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We often like to poke a little fun at the Trail Blazers’ penchant for retiring uniform numbers. Lloyd Neal? Really? Larry Steele? C’mon!
But there will be no doubt about the worthiness of hanging No. 7 from the rafters whenever the team decided the time is right. Brandon Roy was the right player for the franchise at the right time, and he will be fondly remembered.
Helping to lift Portland out of the “Jail Blazers” era and the image that came with it, Roy was an important symbol for the advancement of the franchise. Plus, he was a pretty darn good player.
He never led the Blazers to a championship, or even a playoff series victory, and he was with the team for only five years, but Roy ranks among the most important players in club history. We’ll rank him third behind Bill Walton and Clyde Drexler, and you could argue that nobody provided more memorable moments for the Blazers.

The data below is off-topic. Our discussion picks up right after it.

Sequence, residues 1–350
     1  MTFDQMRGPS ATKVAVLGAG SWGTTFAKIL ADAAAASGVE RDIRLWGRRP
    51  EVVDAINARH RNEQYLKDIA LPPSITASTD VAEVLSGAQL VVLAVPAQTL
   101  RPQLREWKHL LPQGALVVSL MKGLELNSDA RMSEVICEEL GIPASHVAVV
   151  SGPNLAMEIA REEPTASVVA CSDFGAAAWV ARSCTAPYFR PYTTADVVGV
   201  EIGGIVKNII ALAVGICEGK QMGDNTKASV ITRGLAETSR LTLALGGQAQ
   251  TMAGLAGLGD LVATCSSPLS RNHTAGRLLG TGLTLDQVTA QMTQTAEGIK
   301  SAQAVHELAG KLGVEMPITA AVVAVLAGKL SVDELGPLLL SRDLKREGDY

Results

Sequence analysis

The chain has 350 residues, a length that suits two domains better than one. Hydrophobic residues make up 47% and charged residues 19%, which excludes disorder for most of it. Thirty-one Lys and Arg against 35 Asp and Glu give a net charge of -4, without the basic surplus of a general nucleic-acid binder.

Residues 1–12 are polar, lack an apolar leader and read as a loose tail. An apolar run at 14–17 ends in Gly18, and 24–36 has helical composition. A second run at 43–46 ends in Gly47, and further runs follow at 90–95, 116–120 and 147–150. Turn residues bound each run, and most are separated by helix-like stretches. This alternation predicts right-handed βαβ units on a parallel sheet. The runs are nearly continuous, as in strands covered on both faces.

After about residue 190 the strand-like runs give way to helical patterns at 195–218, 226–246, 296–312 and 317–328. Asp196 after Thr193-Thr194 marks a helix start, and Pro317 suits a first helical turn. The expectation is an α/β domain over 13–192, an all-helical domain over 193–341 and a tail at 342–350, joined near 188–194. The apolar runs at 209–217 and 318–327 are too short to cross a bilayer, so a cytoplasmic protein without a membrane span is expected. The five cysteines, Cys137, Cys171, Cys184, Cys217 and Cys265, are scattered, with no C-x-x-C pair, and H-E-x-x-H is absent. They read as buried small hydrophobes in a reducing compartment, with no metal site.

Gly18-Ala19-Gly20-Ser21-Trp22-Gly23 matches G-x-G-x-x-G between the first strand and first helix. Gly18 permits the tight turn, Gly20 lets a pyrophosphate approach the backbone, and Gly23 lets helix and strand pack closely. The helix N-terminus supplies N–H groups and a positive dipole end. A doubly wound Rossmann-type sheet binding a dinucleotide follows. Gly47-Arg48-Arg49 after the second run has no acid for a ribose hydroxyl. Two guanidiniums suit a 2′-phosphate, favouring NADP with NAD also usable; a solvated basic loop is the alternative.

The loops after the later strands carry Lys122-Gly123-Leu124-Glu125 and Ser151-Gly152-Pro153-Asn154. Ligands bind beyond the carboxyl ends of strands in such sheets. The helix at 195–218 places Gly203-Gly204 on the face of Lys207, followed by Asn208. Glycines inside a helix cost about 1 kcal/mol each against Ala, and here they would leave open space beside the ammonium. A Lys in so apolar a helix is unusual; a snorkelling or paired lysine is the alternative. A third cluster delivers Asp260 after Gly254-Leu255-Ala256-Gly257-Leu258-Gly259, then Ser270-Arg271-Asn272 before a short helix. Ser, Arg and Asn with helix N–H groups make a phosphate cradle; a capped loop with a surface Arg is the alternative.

As for having his number retired? Well, if Dave Twardzik and Bob Gross are worthy, then the honor hardly seems adequate for B-Roy.
Friday was a sad, frustrating day for Trail Blazers fans, to be sure.
If you bleed scarlet and black, it’s understandable to be blue about the all-too-soon retirement of Brandon Roy and about the continuing uselessness of Greg Oden.
But, pause for aw moment to realize that as unhappy as the fans are about all this, it is Roy and Oden who face an especially difficult emotional time.
Imagine having your life’s passion taken from you just as you were blossoming into someone very special at your craft. How would any of us handle that blow?
And what of Oden’s predicament? Sure, with the Blazers penchant for secrecy it is difficult to know what to make of his latest setback. But we certainly don’t believe the young man is happy about spending even more time away from the NBA.